Next, we extracted the extreme values of ACPGE and AHE currents from Fig. 2 a, d, respectively. To our surprise, the extracted curve shape in Fig. 3 a is quite different from that in Fig. 3 b. In concrete terms, there are no obvious peaks corresponding to 1hh-1e and 1lh-1e in Fig. 3 a, while there are distinct peaks corresponding to 1hh-1e and 1lh-1e in Fig. 3 b, which are due to that the diffusion coefficient and the mobility of the photoinduced spin-polarized carriers have different relationships with excitation wavelength. According to [11], by observing the two extreme points of total spin-related current, the ratio of the spin diffusion coefficient to the mobility of the photoinduced spin-polarized electrons can be calculated directly. However, in our experiment, the extreme positions are not always clear to be figured out especially at small wavelengths (see Fig. 2 b, c). Despite this, one can still get the ratio of the spin diffusion coefficient to the mobility of the photoinduced spin-polarized carriers by fitting the experiment data using Eq. 1.
Fig. 3

ACPGE and AHE currents corresponding to the extreme points as a function of wavelength, respectively. a ACPGE currents corresponding to the extreme points (x=±0.6 mm) as a function of wavelength. b AHE currents corresponding to the extreme points (x=0 mm) as a function of wavelength. The blue and red dotted lines are for ease of viewing

From the fitted data in Fig. 4, we can see that the ratio is independent of external electric field, and the ratio remains almost a constant around 1hh-1e while it decreases sharply when decreasing the wavelength to 1lh-1e. In order to understand the possible reasons, we have to take the spin current from holes into consideration. According to the experiments of ISHE from [6, 15], we can deduce that the directions of the spin transverse force for electrons and holes are the same if the directions of spin polarization are the same and the directions of spin current are also the same; as a result, the directions of the spin-polarized electric currents for electrons and holes are opposite. Therefore, we can depict the detailed spin diffusion electric currents and spin drifting electric currents corresponding to 1hh-1e and 1lh-1e, respectively (see Fig. 5). For 1hh-1e transition, the effective spin density can be simplified as N eff=τ e N 0 for electrons and N eff=τ hh N 0 for heavy holes, where \(N_{0}=g_{0}\frac {c}{\sigma }e^{-x^{2}/\sigma ^{2}}\) is a constant (where g 0 is the generation rate for 1hh-1e transition), τ e is the spin relaxation time of electrons, and τ hh is the spin relaxation time of heavy holes. For 1lh-1e transition, N eff can be simplified as N eff=τ e N 1 for electrons and N eff=τ lh N 1 for light holes, where \(N_{1}=g_{1}\frac {c}{\sigma }e^{-x^{2}/\sigma ^{2}}\) is a constant (where g 1 is the generation rate for 1lh-1e transition), and τ lh is the spin relaxation time of light holes. So, the total spin-polarized electric current corresponding to 1hh-1e and 1lh-1e can be expressed as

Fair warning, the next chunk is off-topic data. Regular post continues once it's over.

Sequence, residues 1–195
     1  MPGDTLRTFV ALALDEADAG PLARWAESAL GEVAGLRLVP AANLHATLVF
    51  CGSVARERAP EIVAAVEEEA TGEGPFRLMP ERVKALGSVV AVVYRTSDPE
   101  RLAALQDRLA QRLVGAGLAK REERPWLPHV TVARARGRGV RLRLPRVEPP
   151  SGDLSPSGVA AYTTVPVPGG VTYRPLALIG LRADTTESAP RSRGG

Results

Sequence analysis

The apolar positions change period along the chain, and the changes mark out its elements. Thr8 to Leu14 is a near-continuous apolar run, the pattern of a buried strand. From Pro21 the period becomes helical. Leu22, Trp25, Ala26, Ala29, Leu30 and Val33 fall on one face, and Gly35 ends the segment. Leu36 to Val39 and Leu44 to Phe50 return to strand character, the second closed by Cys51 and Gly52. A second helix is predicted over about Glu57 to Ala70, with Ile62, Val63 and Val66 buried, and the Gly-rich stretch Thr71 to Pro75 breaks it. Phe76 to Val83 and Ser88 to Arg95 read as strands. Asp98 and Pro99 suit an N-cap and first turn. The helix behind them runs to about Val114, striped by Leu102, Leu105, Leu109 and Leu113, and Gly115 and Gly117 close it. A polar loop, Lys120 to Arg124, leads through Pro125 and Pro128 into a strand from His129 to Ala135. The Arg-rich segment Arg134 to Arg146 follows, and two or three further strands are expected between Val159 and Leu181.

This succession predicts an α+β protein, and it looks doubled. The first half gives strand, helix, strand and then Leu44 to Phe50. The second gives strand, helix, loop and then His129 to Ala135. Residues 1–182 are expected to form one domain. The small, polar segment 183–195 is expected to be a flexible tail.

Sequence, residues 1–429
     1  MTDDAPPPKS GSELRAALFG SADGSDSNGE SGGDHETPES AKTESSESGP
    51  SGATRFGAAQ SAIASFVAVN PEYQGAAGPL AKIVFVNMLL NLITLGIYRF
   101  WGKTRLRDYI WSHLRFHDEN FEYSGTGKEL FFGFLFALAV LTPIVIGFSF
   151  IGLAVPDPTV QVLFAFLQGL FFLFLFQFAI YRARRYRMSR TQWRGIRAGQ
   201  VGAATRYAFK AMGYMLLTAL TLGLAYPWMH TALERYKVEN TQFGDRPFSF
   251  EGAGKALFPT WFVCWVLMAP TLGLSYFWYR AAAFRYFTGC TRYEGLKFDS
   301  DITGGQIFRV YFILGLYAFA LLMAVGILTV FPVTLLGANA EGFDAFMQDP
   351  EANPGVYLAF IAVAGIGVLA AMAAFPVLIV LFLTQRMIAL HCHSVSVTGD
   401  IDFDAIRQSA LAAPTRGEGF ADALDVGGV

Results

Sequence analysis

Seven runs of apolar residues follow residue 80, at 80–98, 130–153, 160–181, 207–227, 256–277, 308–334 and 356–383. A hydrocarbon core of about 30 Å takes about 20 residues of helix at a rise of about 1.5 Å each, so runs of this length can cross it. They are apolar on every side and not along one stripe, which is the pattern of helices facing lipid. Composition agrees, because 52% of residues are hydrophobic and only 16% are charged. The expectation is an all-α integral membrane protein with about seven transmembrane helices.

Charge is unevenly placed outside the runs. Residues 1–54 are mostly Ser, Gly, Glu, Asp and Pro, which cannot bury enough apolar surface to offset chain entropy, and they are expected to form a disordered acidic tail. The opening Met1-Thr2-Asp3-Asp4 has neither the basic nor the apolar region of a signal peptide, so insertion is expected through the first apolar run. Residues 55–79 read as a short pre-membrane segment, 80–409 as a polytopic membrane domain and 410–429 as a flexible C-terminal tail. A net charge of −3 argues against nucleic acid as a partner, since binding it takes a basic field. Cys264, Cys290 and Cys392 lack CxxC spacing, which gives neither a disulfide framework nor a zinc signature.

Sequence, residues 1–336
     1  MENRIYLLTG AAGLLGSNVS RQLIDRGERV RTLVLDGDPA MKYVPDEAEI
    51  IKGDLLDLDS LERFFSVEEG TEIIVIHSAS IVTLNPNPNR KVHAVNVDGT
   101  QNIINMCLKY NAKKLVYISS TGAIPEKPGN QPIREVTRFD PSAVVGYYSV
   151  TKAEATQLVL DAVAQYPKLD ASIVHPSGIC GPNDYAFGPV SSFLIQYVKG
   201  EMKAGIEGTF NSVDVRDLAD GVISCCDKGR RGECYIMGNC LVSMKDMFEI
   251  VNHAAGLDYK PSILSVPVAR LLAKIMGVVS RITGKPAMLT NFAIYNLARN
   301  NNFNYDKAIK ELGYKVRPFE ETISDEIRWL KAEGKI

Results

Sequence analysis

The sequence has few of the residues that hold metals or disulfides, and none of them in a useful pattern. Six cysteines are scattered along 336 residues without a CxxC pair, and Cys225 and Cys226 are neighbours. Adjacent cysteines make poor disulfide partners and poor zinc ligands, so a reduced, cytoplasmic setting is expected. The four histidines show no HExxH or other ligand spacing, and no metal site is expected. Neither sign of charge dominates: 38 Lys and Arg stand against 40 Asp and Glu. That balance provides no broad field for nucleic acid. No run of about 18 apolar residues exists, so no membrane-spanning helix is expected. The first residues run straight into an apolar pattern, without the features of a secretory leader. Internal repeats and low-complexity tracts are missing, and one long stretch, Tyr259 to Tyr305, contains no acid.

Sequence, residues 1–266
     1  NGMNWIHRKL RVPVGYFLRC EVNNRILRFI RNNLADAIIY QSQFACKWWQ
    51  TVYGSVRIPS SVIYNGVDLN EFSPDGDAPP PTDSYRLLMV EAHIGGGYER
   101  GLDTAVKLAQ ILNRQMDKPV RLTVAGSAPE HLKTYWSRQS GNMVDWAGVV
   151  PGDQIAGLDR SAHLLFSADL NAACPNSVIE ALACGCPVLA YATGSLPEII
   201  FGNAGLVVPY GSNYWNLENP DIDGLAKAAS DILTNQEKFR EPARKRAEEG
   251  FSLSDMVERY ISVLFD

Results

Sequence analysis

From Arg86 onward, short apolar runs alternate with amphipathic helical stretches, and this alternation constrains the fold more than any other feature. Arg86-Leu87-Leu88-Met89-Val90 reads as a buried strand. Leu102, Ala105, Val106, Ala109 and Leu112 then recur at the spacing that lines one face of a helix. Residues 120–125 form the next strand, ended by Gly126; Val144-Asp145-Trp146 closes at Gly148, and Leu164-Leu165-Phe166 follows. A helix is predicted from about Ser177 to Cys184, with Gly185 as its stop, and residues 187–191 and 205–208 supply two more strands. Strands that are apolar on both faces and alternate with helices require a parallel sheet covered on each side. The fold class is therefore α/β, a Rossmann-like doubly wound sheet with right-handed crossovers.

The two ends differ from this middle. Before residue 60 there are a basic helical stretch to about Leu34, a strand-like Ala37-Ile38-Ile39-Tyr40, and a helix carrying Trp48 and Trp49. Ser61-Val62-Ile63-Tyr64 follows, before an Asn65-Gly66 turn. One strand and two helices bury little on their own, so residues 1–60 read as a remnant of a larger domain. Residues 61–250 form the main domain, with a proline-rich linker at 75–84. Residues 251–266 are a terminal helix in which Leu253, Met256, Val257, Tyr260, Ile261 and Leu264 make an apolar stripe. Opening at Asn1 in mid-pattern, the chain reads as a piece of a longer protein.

$$ \begin{aligned} {j_{1hh-1e}}~=~&(D_{e}\gamma_{e}\tau_{e}-D_{hh}\gamma_{hh}\tau_{hh})e\nabla{N_{0}}\\ &+(\mu_{e}\gamma_{e}\tau_{e}+\mu_{hh}\gamma_{hh}\tau_{hh})eE{N_{0}} \end{aligned} $$
(2)
Fig. 4

The ratio of the spin diffusion coefficient to the mobility of the photoinduced spin-polarized carriers as a function of wavelength at 300 K. The ratio of the spin diffusion coefficient to the mobility of the photoinduced spin-polarized carriers as a function of wavelength at 300 K

Fig. 5

The schematic diagrams of electric current induced by spin diffusion and spin drift. a and c are schematic diagrams of electric current induced by spin diffusion corresponding to 1hh-1e and 1lh-1e, respectively. b and d are schematic diagrams of electric current induced by spin drift corresponding to 1hh-1e and 1lh-1e, respectively. In these four figures, the bigger black (white) dots with a black arrow denote spin-polarized electrons (holes), the red arrows denote the spin currents, the blue arrows denote the electric fields, and the green arrows denote the electric currents

and
$$ \begin{aligned} {j_{1lh-1e}}~=~&(-D_{e}\gamma_{e}\tau_{e}-D_{lh}\gamma_{lh}\tau_{lh})e\nabla{N_{1}}\\ & +(-\mu_{e}\gamma_{e}\tau_{e}+\mu_{lh}\gamma_{lh}\tau_{lh})eE{N_{1}}, \end{aligned} $$